Joann DiNapoli decorated the restaurant for the holidays. Every table had a flickering candle in a holiday globe, the hearth was bedecked with a grand red ribbon, and wreaths and holly surrounded the room to give it an intimate look. Built around 1804—right on the Bronx River—in the hamlet of Tuckahoe, the large fieldstone building served as a cotton mill for more than a half-century.
The grand structure had also been used as a rubber factory, a raincoat factory during World War I, a pharmaceutical factory, and finally renovated as a restaurant. Stone Mill is owned and operated by Louis DiNapoli and family.
Every detail is attended to with the labor of love that only a family business instills in a place. Everything from a magnificent Christmas tree and outside holiday lights, to inside décor and decorations, were tastefully set. Warmth radiates from the rooms.
“The building itself is over 200 years old. Ten years ago this section was added and we built this atrium in May,” Louis said. The atrium offers views of the restaurant’s park-like grounds. The main dining room seats 85. There is a small room for parties and an inviting old-world style bar off the entrance that resembles a European pub.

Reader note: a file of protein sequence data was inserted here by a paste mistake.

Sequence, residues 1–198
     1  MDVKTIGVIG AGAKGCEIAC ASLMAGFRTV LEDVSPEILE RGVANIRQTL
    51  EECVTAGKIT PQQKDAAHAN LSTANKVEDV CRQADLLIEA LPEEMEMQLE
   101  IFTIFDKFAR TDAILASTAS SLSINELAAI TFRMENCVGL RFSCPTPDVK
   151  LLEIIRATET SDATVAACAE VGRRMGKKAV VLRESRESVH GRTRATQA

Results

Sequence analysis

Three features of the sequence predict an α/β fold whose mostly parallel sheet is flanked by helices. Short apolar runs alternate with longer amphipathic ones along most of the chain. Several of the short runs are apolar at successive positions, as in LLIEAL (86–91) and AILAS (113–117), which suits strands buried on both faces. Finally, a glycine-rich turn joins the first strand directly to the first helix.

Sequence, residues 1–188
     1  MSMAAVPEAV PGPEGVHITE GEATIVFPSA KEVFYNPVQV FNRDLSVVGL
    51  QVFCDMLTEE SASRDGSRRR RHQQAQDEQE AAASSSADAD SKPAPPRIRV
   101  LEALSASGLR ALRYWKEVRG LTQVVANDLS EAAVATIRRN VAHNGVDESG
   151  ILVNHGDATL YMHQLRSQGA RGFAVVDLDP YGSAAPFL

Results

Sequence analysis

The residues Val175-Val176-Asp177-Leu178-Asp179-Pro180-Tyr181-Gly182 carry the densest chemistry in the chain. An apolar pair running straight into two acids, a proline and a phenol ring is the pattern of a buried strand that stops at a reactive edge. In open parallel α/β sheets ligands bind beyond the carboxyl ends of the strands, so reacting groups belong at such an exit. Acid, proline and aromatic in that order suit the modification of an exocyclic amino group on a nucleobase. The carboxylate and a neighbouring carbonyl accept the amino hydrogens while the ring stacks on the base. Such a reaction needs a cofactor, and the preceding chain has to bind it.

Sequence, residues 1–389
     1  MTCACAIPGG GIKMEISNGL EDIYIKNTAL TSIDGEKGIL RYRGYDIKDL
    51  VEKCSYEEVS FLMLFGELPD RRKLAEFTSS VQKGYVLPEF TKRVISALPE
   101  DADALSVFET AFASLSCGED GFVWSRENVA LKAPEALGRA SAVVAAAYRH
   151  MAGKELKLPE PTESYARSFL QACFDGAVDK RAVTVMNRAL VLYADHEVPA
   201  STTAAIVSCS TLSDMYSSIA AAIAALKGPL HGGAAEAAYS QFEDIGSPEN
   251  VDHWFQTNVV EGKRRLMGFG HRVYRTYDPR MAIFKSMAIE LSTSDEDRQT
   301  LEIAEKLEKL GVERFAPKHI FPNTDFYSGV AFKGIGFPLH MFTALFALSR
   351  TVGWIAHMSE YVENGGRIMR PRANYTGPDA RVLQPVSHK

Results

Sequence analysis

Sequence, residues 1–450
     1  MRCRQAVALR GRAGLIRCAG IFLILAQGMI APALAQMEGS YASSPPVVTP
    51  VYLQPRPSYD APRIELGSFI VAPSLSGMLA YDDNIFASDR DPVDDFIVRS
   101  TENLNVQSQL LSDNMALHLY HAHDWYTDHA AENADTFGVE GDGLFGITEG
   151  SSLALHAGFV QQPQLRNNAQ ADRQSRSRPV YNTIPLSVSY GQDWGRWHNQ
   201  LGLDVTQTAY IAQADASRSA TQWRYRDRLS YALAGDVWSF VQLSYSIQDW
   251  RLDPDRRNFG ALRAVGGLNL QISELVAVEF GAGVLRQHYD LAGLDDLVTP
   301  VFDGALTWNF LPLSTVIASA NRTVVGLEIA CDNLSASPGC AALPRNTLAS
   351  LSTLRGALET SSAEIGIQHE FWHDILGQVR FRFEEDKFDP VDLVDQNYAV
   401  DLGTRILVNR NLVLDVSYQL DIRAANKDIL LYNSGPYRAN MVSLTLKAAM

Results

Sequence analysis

“Barges came up the Bronx River and tied up outside in the 1800s; a water wheel supplied power to the cotton factory. When we did this room the excavators discovered a tunnel that at one time led to the building across the street. When we took over the restaurant, the atmosphere was very cold,” Louis explained. “I added family antiques; friends that are artists gave us their works. The antique mirror over the hearth…”
The owner, an affable, gregarious person, was more than willing to share good stories, and good food, which has turned The Olde Stone Mill into one of New York’s finest American-Italian restaurants.
“We like to call it American-Italian. We’re Americans but we serve Italian food. The mirror… two sisters ate lunch here every day with their husbands when they were taking care of their mother. They had to move her into a nursing home. One day they said, ‘Our mother’s mirror would look great here,’ and they gave it to me. I left it the same way. You can see where the antique mirror has some black streaks from age. It makes the place feel warmer.”